(It's that time again! You know you love it!)
As 1975 dawned, the bloom was coming off the rose for the Japanese live action superhero program. The tokusatsu genre didn't disappear by any means, but its popularity was not what it had been only 3 years earlier. Both the Ultraman and Kamen Rider franchises went into dormancy before the end of the year, which surely could have been taken as a signal of the changing times. And yet, it was in this climate that the longest-running tokusatsu series of the decade flourished.
It will pain diehards to realize this, but I'm talking about GANBARE! ROBOKON.
(Before nitpickers bring it up, I am aware of shows like ULTRA FIGHT and REDMAN, but I'm speaking of full-length programs here.)
As hard as it might be to believe for American fans, the 118 episodes of ROBOKON pretty handily outpace KAMEN RIDER (98 episodes), GORANGER (84 episodes), and SPECTRUMAN/SPECTREMAN (63 episodes) for the distinction of most durable tokusatsu show of the 1970s. In fact, it's entirely possible that the series only ended due to a shift at TV Asahi at the time, which led to its replacement by the similar (but much less popular) ROBOT 110BAN. So we're left with the scenario that ROBOKON could have kept going had it not been curtailed by its own network. The mind boggles!
I bring this mini-history lesson up because it's impossible to discuss the third disc of this set without it, as it is almost entirely ROBOKON. Three episodes of the series are shown in the cropped widescreen format, while there is also the original movie ROBOKON NO DAIBOKEN. The latter is definitely the best of the bunch, showing a sense of scale and adventure not usually present in the largely comedic TV series. In fact, I'd rank ROBOKON NO DAIBOKEN as one of Toei's better original tokusatsu efforts for the Manga Matsuri shows.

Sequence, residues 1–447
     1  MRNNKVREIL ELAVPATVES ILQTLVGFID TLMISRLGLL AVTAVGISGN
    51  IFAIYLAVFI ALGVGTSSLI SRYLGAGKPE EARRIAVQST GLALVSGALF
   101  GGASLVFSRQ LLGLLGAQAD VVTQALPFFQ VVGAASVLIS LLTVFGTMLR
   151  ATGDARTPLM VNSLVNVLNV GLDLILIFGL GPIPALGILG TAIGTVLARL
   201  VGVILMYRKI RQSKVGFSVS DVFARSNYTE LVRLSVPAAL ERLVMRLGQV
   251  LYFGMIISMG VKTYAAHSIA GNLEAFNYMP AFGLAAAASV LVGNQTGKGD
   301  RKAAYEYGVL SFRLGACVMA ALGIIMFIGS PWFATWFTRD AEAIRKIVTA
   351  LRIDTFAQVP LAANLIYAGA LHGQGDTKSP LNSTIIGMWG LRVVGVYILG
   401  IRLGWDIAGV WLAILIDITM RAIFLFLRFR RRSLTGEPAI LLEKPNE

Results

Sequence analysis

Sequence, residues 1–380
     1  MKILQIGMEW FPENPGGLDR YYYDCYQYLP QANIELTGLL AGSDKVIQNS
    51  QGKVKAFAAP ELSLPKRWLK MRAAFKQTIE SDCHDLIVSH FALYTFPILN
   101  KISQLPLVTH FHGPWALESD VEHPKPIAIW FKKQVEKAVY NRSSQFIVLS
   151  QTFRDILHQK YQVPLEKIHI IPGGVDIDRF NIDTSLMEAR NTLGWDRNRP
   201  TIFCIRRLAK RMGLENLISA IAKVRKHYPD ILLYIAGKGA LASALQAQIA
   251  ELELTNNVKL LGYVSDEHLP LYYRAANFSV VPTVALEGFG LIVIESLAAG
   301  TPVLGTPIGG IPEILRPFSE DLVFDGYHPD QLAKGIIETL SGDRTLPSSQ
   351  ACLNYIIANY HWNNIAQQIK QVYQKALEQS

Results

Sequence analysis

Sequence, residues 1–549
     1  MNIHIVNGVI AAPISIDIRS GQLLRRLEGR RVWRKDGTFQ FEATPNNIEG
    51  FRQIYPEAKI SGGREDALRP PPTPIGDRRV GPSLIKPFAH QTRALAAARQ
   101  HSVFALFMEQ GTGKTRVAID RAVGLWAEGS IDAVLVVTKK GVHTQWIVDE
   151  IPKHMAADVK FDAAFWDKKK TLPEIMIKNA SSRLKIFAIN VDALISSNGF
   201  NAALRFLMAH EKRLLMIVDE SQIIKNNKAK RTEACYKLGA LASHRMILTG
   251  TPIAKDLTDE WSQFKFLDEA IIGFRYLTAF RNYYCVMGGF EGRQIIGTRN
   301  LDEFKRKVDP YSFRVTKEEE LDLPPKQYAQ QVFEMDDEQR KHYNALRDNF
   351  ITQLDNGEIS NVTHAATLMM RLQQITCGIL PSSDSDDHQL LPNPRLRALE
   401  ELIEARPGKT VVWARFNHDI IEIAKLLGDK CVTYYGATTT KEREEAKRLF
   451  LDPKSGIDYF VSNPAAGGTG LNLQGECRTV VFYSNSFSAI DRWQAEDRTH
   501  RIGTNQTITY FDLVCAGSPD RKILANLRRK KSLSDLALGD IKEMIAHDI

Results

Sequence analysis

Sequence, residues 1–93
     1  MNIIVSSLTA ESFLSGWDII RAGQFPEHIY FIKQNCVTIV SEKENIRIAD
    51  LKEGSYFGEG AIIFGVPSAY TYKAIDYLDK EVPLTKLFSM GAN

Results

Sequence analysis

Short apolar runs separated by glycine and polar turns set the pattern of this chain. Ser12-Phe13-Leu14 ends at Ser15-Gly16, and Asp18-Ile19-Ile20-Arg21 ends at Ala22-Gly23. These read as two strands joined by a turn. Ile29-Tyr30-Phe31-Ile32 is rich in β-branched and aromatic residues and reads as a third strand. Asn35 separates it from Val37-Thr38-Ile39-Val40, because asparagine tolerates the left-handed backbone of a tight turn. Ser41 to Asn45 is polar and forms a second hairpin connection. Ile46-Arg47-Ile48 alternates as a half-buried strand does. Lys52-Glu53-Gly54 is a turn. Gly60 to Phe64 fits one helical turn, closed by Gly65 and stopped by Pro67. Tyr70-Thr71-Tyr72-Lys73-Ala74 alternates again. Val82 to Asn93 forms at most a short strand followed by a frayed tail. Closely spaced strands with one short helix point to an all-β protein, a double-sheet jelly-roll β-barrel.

As far as ROBOKON itself, the program is pretty inexplicable with all of its oversized bizarro robots roaming free. Watching it is probably akin to having your eyes drop acid. I can't rate how "funny" it is, since I think I need more fluency to grasp some of the humor. But hey, there's plenty of physical comedy derived from people in weird outfits.
ROBOKON turned out to be influential in the United States, too! Rock star Beck's music video for his song "Sexx Laws" features a completely unexpected homage to ROBOKON NO DAIBOKEN! I would love to know the full story of how that came about.
Disc 3 is filled out somewhat ironically by AKUMAIZER 3, a series involving heroic demons fighting for mankind. This is the first episode, and is actually more concise and "complete" than KIKAIDER 01's debut in my previous piece on this set. As a result, it's a lot more satisfying viewing. Jiro Chiba stars, but he's not the hero - though this is nothing new for the guy. The fights place a heavier emphasis on fencing than hand-to-hand combat, which adds a unique flavor for Toei. The designs are suitably outlandish, and we get one of those flying galleon ships that are a recurring theme in Japanese sci-fi.
Next time, on Disc 4 (and man, who can guess when that will happen?), we take a look at the artifacts of Toei's late 1970s tokusatsu output.